Virgin Atlantic loses seat design court case
Virgin Atlantic has lost a High Court case in which it alleged that seat manufacturer Contour had copied its design for the Upper Class seat.
Virgin Atlantic was seeking damages potentially running into tens of millions of pounds and an injunction to prevent Contour selling the seat to rival airlines including Delta, Air Canada, and Jet. But the claim was thrown out of the High Court yesterday after key differences between the companies' designs were noted.
The Upper Class seat was designed by Virgin’s in-house design team in collaboration with Pearson Lloyd and entered service in November 2003.
Virgin Atlantic holds the patent and design rights to the seat, and Pearson Lloyd was not involved in the legal action. The consultancy declined to comment on the result.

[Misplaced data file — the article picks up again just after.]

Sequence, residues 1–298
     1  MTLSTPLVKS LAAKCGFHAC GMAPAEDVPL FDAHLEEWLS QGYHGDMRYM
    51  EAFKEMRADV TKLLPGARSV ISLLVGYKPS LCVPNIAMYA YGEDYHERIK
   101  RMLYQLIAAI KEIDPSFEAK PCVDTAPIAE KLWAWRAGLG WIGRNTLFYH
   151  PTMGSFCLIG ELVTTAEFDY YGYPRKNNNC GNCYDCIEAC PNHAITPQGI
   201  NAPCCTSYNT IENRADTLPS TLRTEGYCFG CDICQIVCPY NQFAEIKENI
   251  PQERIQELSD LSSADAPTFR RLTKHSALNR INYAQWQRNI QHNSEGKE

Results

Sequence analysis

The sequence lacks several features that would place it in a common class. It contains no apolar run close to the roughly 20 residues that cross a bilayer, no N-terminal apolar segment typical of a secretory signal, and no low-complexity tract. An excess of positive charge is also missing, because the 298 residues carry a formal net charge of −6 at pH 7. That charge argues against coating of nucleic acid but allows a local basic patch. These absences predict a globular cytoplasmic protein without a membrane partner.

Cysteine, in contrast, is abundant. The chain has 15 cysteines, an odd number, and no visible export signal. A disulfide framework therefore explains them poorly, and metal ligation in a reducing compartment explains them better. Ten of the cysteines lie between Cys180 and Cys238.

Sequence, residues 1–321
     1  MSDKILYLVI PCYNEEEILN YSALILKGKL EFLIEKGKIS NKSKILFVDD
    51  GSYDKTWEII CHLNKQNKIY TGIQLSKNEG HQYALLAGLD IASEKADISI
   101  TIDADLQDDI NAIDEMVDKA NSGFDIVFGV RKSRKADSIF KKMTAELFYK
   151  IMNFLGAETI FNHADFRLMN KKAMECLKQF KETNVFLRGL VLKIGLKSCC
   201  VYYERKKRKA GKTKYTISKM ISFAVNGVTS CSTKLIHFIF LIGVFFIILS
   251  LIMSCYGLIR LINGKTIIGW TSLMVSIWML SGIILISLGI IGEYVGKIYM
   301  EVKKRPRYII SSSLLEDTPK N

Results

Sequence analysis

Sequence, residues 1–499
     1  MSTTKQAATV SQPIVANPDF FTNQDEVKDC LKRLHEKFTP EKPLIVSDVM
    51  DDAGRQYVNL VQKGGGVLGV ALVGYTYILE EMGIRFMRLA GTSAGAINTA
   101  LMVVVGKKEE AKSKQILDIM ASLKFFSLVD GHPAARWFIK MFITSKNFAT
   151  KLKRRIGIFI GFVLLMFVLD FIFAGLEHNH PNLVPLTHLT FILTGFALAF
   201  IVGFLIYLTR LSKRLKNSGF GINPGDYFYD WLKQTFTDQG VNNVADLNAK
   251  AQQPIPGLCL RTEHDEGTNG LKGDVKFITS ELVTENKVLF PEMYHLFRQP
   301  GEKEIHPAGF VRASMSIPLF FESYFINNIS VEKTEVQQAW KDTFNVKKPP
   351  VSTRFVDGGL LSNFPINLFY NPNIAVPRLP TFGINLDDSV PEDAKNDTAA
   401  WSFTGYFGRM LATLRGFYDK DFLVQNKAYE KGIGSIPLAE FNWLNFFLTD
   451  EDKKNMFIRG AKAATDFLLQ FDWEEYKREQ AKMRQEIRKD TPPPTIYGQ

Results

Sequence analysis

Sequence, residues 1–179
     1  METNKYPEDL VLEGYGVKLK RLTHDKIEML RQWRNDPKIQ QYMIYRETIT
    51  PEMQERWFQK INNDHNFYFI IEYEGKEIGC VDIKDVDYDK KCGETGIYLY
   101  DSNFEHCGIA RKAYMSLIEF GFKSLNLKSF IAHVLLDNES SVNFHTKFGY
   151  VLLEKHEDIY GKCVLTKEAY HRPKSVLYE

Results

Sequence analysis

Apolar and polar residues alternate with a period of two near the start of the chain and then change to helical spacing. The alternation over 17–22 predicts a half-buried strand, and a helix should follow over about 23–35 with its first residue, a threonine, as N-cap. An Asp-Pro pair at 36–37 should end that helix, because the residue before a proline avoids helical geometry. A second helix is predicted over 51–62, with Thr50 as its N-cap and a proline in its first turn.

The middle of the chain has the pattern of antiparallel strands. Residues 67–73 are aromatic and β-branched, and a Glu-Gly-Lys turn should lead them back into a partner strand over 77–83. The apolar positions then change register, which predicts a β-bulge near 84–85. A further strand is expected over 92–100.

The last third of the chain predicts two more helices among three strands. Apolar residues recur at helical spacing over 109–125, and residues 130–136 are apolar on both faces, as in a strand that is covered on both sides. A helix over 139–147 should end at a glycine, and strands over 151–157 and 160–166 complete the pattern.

Paul Carter, chief executive of Contour, says, ‘We are proud of the part we played in the development of the lie-flat bed, and we will continue to use our dedicated design and engineering skills to help our customers set new standards for premium-class air travel.’
In a statement, Virgin Atlantic, which plans to appeal against the result, says, ‘We are disappointed with the outcome of the case and will be examining the judgement over the next few days.
‘Virgin Atlantic invests huge amounts in its design and product innovation, and it is a major area of differentiation between us and other airlines.’